Luana Rigolli

There is a picture of myself as a child that often comes to my mind: it’s me on my desk, reading the very first rudiments of geology that the teacher wanted us to memorize perfectly. Plate tectonics, continental drift, volcanoes…I was only 10 years old, but I already loved that subject: the idea of something emerging from the center of the earth to its surface, bringing destruction and fear, but also new forms and strange landscapes, was fascinating.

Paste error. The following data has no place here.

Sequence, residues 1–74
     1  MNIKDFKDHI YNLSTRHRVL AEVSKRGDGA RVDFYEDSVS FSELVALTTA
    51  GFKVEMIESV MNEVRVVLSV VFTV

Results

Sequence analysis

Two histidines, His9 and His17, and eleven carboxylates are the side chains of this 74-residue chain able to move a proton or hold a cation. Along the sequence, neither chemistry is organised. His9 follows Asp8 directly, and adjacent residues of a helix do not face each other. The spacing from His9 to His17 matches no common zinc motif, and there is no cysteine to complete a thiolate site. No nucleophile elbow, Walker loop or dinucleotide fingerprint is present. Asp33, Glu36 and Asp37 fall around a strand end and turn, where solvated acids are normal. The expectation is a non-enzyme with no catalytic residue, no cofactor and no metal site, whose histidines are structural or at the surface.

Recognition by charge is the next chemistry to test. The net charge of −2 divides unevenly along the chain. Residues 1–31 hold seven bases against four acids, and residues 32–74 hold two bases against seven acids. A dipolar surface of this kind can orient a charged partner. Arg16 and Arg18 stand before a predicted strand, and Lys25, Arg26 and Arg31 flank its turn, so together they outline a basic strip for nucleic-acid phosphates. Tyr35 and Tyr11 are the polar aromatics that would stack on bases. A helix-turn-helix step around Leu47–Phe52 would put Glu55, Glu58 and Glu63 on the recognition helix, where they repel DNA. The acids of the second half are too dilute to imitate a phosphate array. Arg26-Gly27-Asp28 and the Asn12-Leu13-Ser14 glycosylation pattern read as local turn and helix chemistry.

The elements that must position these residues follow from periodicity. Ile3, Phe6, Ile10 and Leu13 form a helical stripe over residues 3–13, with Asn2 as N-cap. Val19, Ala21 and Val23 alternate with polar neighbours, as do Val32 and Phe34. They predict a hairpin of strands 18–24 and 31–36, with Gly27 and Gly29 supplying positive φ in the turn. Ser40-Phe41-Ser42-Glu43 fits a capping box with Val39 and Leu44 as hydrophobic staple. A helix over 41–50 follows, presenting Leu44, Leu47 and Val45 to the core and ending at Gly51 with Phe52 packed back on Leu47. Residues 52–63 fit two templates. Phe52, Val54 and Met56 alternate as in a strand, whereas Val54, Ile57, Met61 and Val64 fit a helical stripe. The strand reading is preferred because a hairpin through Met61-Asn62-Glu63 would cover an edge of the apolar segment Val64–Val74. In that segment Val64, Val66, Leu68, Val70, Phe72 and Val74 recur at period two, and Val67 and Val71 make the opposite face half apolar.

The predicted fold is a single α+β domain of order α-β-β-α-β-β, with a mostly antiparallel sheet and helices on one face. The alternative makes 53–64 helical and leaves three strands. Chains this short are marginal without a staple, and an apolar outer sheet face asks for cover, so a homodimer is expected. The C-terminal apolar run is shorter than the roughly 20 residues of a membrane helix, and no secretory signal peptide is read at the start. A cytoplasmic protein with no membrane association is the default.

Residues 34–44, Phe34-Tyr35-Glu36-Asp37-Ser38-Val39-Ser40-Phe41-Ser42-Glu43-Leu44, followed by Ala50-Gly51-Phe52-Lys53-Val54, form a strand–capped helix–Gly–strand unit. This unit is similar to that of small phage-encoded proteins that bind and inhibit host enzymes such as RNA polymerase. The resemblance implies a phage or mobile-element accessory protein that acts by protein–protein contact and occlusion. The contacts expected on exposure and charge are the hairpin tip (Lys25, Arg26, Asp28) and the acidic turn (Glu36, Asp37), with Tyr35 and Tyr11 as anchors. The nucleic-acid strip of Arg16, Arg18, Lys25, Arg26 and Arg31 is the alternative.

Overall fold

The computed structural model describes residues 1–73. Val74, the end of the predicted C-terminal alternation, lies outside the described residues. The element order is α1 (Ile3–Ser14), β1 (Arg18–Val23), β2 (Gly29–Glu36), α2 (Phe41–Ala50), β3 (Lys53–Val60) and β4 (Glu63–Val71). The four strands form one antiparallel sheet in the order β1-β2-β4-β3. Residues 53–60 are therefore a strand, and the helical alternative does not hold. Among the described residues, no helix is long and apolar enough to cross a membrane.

I remember the first time I went to Lanzarote: the transfer from the airport to the little village of Famara is a winding road through a land of grey lava and black ash. I could only see the outline of volcanoes, no trees, nothing else: something completely different from the Italian landscape I was used to. I fell in love with it.
Here I feel a strange energy that distorts my usual rhythm. I want to believe that the volcanoes destabilize me because they open a direct line that runs from the magma to the surface.
— Luana Rigolli, Gonzaga, Italy